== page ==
Here is the summary for this month’s Global Manufacturing Economic Update:
Last week, we learned that the U.S. trade deficit narrowed in March. While the headline number might seem positive at first glance, the trade gap shrunk on declining levels of both exports and imports. This report was one of the more disappointing ones of late. After slowing to 5.5 percent growth in 2012, manufactured goods exports have eked out only a 1 percent gain in the first three months of 2013 so far. The data suggest that export sales have essentially stalled. The largest weakness is in the European market, but exports to Canada—our largest trading partner—also declined. Asia and South America saw the largest gains, with manufactured goods exports to China up 9.3 percent during the first three months of this year relative to the same time period last year.
There has been considerable weakness in U.S. manufacturing data during the past few months, with the Institute for Supply Management’s Purchasing Managers’ Index (PMI) decelerating and manufacturing employment unchanged in April. Regional sentiment surveys have also suggested softness in the sector, with slower sales dragging optimism lower. Domestic policies are fueling weakness in the sector, including higher taxes, tighter government spending and regulatory uncertainties. Nonetheless, our largest trading partners continue to see slower sales, with discouraging export numbers highlighting the slowdown.
Economic reports internationally also showed weakness. The JPMorgan Global Manufacturing PMI decreased from 51.1 in March to 50.5 in April, signifying very sluggish growth in production, new orders and hiring worldwide. Four of the top 10 markets for U.S.-manufactured goods have declining manufacturing activity levels, with three of those markets being in Europe. Moreover, the other six markets are growing at a very gradual pace. GDP, industrial production and employment data mirror these findings, with a deepening recession in Europe, slower-than-expected growth in China and notable decelerations in Canada and other major trading partners. The coming week will provide even more insight on the health of the global economy, with key GDP and production reports from Europe, China and the United States.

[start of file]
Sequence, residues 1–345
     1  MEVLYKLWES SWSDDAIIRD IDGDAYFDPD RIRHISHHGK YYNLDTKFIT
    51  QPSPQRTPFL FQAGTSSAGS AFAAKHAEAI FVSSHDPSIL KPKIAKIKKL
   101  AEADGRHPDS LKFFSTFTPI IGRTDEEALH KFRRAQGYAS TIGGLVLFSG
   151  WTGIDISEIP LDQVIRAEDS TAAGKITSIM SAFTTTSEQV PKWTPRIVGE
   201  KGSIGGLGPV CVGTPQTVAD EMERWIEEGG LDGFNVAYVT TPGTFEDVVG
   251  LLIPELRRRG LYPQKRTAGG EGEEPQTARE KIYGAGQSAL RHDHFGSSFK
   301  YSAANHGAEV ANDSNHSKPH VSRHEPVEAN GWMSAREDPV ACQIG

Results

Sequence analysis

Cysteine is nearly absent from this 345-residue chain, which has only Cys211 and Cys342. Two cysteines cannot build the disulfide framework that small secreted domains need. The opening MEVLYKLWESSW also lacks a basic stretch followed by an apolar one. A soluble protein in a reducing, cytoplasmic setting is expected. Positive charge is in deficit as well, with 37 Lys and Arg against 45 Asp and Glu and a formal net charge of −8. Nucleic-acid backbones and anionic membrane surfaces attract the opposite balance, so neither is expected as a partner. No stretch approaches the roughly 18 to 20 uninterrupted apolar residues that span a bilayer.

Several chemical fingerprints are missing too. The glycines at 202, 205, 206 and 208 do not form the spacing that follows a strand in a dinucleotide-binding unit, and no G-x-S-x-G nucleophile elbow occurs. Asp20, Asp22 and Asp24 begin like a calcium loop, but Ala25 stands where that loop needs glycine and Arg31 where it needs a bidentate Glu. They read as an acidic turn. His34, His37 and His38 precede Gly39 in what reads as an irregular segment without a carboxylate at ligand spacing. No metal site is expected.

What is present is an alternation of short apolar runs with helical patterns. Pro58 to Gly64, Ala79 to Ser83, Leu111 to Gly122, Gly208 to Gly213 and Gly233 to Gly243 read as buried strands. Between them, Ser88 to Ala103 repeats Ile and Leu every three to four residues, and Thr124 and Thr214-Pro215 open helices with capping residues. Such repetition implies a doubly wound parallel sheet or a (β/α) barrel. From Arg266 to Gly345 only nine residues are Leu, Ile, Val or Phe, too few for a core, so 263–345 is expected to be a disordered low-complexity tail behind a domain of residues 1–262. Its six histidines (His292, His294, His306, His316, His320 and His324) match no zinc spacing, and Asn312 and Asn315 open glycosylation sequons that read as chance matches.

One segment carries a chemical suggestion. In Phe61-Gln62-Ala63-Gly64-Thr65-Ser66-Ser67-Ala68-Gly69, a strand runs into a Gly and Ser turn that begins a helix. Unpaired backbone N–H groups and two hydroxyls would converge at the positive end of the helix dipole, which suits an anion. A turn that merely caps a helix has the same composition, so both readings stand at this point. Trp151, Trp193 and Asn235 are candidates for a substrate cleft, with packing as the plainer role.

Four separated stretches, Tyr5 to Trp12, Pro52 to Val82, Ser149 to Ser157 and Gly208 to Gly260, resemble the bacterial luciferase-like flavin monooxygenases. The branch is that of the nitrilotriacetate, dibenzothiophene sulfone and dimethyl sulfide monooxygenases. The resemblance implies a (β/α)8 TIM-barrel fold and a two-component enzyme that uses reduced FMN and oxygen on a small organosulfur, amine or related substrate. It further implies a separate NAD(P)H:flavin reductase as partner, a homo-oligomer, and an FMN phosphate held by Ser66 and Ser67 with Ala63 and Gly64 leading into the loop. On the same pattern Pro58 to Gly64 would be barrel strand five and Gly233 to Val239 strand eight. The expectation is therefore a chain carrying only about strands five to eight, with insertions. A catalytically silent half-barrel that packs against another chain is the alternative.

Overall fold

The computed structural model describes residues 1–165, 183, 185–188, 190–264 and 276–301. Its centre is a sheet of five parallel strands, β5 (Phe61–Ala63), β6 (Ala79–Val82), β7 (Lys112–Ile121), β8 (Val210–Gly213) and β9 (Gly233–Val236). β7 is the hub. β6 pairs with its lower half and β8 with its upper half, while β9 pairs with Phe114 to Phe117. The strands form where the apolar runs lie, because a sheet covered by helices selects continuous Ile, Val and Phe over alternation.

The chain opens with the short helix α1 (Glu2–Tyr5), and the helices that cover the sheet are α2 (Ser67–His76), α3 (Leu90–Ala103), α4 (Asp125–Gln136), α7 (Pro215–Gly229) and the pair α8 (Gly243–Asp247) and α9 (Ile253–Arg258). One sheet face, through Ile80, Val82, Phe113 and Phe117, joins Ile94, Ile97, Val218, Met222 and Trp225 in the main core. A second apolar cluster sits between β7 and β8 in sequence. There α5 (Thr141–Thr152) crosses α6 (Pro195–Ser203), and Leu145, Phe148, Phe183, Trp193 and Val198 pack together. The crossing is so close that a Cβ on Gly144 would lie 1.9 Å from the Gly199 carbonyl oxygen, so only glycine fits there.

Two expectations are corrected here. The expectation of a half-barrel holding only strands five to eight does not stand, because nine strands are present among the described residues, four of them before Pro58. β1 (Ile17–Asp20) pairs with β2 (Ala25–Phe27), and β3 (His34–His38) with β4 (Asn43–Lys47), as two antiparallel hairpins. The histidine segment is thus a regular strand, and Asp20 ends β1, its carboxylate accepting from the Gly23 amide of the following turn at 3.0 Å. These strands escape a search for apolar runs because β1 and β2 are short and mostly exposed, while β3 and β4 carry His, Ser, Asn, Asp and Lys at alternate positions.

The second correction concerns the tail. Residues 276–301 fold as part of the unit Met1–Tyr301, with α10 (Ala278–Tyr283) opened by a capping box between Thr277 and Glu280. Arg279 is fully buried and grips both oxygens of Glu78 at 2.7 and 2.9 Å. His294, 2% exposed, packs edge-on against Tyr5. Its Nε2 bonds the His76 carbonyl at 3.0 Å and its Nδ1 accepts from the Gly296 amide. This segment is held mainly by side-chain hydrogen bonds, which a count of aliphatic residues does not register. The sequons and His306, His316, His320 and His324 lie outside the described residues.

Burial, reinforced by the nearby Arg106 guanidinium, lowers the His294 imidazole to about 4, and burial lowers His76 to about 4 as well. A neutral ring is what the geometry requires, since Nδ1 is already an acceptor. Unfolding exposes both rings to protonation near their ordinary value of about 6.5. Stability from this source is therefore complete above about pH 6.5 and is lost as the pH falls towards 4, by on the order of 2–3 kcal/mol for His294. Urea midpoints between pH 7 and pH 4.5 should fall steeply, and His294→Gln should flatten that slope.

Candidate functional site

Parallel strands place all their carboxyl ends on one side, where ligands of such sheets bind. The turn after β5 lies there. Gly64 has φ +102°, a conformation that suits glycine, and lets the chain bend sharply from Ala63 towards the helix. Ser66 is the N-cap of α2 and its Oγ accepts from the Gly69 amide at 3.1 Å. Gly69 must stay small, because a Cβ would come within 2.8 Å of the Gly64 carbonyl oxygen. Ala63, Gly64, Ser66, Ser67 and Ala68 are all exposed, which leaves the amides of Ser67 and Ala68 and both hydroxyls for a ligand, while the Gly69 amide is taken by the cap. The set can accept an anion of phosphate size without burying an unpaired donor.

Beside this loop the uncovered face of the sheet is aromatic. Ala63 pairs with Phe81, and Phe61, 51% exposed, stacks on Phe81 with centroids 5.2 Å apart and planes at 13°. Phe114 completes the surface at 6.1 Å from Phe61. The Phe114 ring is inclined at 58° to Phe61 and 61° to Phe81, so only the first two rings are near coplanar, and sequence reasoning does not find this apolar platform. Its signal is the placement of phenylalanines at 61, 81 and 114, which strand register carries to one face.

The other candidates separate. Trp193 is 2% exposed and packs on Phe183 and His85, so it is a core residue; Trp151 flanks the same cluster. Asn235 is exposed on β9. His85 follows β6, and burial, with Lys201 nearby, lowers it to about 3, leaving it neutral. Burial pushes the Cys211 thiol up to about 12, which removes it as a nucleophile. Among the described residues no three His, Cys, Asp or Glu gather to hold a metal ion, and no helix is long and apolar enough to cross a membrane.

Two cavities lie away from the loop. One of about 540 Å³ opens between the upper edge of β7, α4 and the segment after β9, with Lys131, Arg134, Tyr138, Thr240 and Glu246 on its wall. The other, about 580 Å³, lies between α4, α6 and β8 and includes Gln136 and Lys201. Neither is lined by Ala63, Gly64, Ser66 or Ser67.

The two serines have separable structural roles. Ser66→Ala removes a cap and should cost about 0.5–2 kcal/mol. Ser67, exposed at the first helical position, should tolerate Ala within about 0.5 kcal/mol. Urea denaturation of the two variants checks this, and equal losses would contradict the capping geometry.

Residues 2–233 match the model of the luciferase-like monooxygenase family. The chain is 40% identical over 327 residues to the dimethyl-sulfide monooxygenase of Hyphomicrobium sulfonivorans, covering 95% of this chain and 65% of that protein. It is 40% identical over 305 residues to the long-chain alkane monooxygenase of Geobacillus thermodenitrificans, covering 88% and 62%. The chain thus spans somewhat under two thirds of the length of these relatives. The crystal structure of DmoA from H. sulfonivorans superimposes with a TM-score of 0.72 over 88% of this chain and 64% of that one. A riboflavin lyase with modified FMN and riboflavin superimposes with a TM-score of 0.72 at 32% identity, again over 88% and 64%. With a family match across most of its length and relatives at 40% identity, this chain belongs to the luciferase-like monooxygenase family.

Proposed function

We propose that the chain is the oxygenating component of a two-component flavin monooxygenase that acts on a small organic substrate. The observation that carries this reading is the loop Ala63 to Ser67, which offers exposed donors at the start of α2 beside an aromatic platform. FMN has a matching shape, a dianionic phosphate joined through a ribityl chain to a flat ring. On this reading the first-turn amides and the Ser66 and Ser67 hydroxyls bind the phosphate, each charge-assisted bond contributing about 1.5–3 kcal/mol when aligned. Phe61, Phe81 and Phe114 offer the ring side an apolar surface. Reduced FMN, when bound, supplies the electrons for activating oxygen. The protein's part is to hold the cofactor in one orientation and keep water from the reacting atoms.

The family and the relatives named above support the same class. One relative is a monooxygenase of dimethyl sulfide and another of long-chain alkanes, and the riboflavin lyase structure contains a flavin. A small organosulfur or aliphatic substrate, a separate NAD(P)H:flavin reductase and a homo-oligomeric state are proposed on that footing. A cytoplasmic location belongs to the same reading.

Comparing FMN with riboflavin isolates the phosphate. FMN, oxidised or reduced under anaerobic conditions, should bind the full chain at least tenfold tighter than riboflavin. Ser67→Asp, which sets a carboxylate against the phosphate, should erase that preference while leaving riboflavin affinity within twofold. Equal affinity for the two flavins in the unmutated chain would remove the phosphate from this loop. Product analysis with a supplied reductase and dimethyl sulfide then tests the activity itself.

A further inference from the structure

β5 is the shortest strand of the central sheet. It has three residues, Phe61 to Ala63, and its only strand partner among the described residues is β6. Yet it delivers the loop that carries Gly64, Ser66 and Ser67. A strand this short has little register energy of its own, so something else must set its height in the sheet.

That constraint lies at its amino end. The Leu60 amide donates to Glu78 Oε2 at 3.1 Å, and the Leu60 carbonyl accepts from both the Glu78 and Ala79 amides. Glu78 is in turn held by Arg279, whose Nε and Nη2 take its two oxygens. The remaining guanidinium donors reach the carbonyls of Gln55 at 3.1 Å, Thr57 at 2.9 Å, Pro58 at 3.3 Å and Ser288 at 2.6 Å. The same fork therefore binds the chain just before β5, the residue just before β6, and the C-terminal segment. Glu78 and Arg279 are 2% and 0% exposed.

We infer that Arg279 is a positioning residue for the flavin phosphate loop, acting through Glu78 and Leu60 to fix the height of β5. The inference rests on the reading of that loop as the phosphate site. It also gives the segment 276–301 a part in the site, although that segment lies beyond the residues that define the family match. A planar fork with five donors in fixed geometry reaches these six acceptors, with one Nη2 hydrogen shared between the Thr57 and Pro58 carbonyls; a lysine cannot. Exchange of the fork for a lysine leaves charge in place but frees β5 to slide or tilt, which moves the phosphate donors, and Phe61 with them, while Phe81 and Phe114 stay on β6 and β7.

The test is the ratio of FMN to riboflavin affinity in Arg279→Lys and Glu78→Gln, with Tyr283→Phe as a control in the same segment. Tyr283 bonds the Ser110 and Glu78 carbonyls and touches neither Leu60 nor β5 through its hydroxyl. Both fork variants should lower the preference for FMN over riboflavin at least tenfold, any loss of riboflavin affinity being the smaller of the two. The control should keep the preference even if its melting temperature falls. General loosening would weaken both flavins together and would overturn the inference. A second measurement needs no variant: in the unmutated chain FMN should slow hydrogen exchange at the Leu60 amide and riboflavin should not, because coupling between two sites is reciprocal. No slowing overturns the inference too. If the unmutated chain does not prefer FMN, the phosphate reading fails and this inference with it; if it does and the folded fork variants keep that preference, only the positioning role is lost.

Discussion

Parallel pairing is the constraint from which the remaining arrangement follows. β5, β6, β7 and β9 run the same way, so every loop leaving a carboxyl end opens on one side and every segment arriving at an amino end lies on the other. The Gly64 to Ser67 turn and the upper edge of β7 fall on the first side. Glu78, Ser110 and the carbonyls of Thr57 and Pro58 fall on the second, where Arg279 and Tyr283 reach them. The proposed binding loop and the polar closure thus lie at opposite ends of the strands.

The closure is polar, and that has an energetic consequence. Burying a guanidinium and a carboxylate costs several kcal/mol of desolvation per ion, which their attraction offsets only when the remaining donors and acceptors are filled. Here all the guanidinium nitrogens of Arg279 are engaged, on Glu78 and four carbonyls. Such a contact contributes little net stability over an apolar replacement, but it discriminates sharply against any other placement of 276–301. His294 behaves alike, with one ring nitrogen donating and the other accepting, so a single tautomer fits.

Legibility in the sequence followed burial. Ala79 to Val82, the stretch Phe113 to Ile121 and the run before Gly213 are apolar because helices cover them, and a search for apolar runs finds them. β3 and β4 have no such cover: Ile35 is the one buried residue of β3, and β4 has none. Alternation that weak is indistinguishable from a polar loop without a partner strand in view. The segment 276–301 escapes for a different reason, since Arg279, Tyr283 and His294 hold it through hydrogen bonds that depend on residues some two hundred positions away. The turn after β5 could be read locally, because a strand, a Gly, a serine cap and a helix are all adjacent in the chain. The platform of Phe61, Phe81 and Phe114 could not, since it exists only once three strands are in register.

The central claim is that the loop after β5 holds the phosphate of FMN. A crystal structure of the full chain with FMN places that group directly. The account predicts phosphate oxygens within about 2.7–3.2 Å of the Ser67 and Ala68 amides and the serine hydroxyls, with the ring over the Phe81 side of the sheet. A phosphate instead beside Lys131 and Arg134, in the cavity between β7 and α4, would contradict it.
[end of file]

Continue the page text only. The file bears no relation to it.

In other news, the World Trade Organization selected Brazilian Roberto Carvalho de Azevêdo as its new leader on May 8, marking the first time that a Latin American will lead the trade organization. Work continues in the Trans-Pacific Partnership (TPP) talks, with the next round starting on May 15 in Lima, Peru. The U.S. government receives comments on May 10 on negotiating priorities in the trade talks with the European Union that will start this summer. Domestically, the Senate took the first important step toward the confirmation of the head of the Export-Import (Ex-Im) Bank, with action needed by July to ensure that Ex-Im can continue its operations.
Chad Moutray is chief economist, National Association of Manufacturers.